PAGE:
Malta Is Lacking In Qualified ICT Professionals But A Long-Term Solution Is At Hand


In today’s world, the demand for people who are skilled in ICT is stratospheric. However, when it comes to skill excellence and re-skill ability in Malta, more data is needed to adequately address any gaps in policy and skill sets required, which is what led to the ICT Skills Demand and Supply Monitor 2021, compiled by the eSkills Malta Foundation.

Helping to formulate a plan

Of course, the importance of re-skilling is more than vital, given the speed at which IT changes. In order to keep up, a pro-active approach is required to not just access current potential, but to create a path that ensures continuous development over the coming years that will lead to growth and evolution.

What the Monitor will do is provide accurate snapshots of the current ICT industry demands and what supply the education and training spheres can offer in Malta. It’s essentially a guide for the short and long-term action that’s needed and is therefore highly specific, much like IT jobs are becoming at the moment.

It’s through measures like this that the Government of Malta, together with entities like eSkills Malta Foundation can draw up policies that are ultimately relevant to the growth of the industry. Educational institutions are then responsible for adopting these frameworks and maintaining the standards that continue to put Malta on the global IT map.

The challenges we’re facing

Given Malta’s nature as an island state, keeping up with, if not overtaking, our European counterparts is extremely important. There’s a 21.9% sector employment growth forecasted in the local ICT spectrum, but the only way to ensure it’s sustainable is ensuring that the applicants are up to scratch.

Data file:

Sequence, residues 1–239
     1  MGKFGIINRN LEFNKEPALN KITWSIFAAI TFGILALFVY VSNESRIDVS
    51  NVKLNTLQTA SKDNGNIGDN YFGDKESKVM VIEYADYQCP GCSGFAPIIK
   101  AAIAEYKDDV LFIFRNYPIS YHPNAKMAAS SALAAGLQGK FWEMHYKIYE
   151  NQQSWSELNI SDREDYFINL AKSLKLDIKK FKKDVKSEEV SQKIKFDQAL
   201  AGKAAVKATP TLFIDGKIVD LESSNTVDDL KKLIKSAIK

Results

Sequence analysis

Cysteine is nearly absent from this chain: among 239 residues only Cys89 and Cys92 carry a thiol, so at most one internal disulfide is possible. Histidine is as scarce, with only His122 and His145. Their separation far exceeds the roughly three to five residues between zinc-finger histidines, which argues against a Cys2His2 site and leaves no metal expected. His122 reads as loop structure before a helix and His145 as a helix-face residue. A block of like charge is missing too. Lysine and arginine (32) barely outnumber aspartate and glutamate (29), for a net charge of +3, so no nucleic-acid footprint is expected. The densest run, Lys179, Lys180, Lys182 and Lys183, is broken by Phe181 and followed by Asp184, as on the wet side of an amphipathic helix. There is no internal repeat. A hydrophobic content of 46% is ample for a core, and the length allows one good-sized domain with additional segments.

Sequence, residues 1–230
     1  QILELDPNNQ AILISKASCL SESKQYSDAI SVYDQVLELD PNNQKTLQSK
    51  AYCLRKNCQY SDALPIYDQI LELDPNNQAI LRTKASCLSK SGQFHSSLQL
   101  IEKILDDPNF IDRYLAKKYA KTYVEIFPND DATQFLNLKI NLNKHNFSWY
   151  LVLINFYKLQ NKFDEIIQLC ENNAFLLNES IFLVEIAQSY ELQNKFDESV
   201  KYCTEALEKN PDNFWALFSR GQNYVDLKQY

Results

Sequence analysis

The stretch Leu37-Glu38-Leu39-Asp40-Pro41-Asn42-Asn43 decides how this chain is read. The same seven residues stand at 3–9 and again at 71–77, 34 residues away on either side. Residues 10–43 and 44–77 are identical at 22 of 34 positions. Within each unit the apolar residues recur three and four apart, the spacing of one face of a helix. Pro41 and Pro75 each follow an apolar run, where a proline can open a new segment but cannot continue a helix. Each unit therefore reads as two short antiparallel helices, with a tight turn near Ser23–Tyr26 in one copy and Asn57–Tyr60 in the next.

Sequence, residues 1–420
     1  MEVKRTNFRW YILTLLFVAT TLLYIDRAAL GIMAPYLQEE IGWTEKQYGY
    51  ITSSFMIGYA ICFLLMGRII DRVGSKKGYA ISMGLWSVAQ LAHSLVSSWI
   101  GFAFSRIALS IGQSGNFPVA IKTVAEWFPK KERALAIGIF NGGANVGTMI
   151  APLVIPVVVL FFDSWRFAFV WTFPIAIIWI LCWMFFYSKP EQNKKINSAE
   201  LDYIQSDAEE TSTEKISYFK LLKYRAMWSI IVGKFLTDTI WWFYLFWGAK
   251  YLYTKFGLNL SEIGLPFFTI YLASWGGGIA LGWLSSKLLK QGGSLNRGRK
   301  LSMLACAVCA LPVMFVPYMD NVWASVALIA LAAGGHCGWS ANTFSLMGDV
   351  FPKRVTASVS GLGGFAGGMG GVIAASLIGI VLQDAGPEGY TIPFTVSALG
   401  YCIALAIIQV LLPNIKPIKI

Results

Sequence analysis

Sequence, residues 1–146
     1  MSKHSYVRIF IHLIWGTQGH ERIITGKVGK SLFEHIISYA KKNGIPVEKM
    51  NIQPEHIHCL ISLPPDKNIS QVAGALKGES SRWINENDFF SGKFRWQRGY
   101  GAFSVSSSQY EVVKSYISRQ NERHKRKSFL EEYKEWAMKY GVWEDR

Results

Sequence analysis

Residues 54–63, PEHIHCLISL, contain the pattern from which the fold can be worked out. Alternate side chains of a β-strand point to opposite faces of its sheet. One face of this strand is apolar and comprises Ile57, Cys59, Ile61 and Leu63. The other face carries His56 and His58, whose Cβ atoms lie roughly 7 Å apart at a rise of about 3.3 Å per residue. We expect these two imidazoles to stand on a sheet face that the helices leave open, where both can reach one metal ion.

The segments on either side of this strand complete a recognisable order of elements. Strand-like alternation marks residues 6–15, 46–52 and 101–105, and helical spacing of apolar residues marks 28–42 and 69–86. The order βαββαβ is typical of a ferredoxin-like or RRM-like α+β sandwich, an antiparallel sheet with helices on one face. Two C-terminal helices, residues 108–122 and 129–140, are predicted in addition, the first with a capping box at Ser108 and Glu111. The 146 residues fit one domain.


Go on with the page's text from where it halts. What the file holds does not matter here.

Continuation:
As the quality level of demand increases, the current challenge is having enough Malta-based professionals who are competent. The truth is that at the moment, local tertiary education cannot satisfy the demand for ICT students. This means that foreign talent probably needs to be brought in, but that is only a short-term solution.

What the Monitor’s report suggests is that Malta’s ICT market needs to reach an international stage. How can this be reached? By exploring initiatives that the country has been somewhat reluctant to do in the past. The first step suggested is to enable and streamline communication with the key stakeholders in the field.

This would mean a constant flow of information allowing a homogenous market evolution that’s up to scratch with international trends. This more centralised approach would also tally with the study’s recommendation that a national platform is required for all of this to succeed.

This ain’t no census

This study is an analysis built on responses and personally conducted interviews by the Foundation. Apart from identifying critical areas of interest and trends, what was really needed was to understand the market’s general sentiment towards the state of the Maltese ICT sector.

Latest figures on ICT sector worldwide and its R&D investment | EU Science  Hub

As Chief Admin Carm Cachia says in the report, the value of IT was exacerbated by COVID-19. “The pandemic has clearly shown us that digitalisation is a crucial element to the industry and its workforce, education of any level, and any person in society.” This inadvertently led to a need for readjustment in order to cope with new demands which have continued to change.

For further information, the report can be downloaded here.

Share your thoughts on this report and the Maltese ICT sector in the comments section.